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SBJ/July 17 - 23, 2006/This Weeks News
WTA hopes court time for coaches entertains
Published July 17, 2006
The Sony Ericsson WTA Tour will allow players’ coaches on court next month at two events, long a taboo in the tradition-bound sport but the latest initiative to bring more intrigue and entertainment to the game.
|Coaches and players mix at international events
like the Fed Cup but not on the pro tours.
Now coaches, often outsized personas in team sports, could be stepping out of the shadows in tennis, where they are largely non-entities to the average fan.
“The overarching strategy is we are actively introducing things over the next few months designed to enhance the entertainment quotient,” said Larry Scott, the WTA’s chief executive. “We are working hand in glove with TV to make the coaches more a focal point of interest to TV commentators and viewers.”
Indeed, ESPN, which this year will broadcast more than 600 hours of tennis, proposed on-court coaches at a WTA player meeting in January, along with a host of other initiatives that would give TV cameras more access to players, said Jason Bernstein, the channel’s director of programming and acquisition. ESPN has not decided how it will cover the coaches but this year has already been interviewing some of them in the stands.
Currently coaches are restricted to their seats and are banned from offering advice during the match. Insiders say, however, that the prohibition is widely ignored and that hand signals from coaches are the norm.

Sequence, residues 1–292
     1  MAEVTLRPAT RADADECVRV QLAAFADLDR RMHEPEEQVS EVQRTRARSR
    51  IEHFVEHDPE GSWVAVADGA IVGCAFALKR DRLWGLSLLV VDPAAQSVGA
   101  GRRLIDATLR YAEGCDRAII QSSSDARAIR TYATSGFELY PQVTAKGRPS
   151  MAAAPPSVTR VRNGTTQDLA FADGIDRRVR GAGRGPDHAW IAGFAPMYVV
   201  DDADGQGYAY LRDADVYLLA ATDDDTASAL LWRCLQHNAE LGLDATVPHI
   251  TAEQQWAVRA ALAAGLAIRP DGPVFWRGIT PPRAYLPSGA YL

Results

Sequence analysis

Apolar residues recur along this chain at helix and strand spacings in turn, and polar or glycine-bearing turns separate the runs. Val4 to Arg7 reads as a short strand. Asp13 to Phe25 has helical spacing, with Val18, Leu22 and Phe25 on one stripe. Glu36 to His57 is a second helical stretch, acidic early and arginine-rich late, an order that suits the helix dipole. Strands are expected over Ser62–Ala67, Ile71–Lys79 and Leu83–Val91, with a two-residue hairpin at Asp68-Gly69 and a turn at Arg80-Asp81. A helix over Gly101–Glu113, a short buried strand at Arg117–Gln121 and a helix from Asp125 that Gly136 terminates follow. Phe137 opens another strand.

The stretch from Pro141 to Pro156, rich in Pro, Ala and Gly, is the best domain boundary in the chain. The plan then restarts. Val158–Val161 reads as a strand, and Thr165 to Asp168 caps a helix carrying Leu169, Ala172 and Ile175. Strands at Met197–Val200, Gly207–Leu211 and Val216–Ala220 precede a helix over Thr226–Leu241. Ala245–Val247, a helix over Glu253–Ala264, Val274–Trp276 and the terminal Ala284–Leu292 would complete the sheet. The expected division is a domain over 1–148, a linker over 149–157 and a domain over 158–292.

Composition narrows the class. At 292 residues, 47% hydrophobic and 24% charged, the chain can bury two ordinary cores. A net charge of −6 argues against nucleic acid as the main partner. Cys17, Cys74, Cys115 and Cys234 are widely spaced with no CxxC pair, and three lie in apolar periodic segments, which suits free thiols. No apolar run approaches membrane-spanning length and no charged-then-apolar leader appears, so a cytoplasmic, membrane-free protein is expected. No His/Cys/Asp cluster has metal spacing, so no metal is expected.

Critics counter that what makes tennis unique, other than in the infrequent World TeamTennis format, which allows coaches, is having two competitors on court without a lifeline to any advice or help. By allowing players access to their coaches, the WTA also could be helping those players with more resources to hire a high-quality coach.
The WTA’s initial experiment will be limited to the Rogers Cup in Montreal (Aug. 14-20) and the Pilot Pen Tennis in New Haven, Conn. (Aug. 21-26), though coaching also might be considered at the season-ending championship in Madrid. Players will be allowed one coaching break per set, as well as between sets, and if the other competitor takes an injury or rest-room break.
The ATP briefly experimented with on-court coaches several years ago but shelved the idea after fans and players didn’t take to it, said David Higdon, a spokesman for the men’s tennis governing body. The group, which has become far more open to change under its new leadership, will closely monitor the WTA results, he said.